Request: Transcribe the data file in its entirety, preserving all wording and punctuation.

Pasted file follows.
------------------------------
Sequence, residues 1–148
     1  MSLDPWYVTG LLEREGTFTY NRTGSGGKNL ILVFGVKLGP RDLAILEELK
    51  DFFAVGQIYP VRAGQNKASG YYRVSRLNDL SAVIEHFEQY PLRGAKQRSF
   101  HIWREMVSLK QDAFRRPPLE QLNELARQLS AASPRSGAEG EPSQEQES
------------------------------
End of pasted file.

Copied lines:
Sequence, residues 1–148
     1  MSLDPWYVTG LLEREGTFTY NRTGSGGKNL ILVFGVKLGP RDLAILEELK
    51  DFFAVGQIYP VRAGQNKASG YYRVSRLNDL SAVIEHFEQY PLRGAKQRSF
   101  HIWREMVSLK QDAFRRPPLE QLNELARQLS AASPRSGAEG EPSQEQES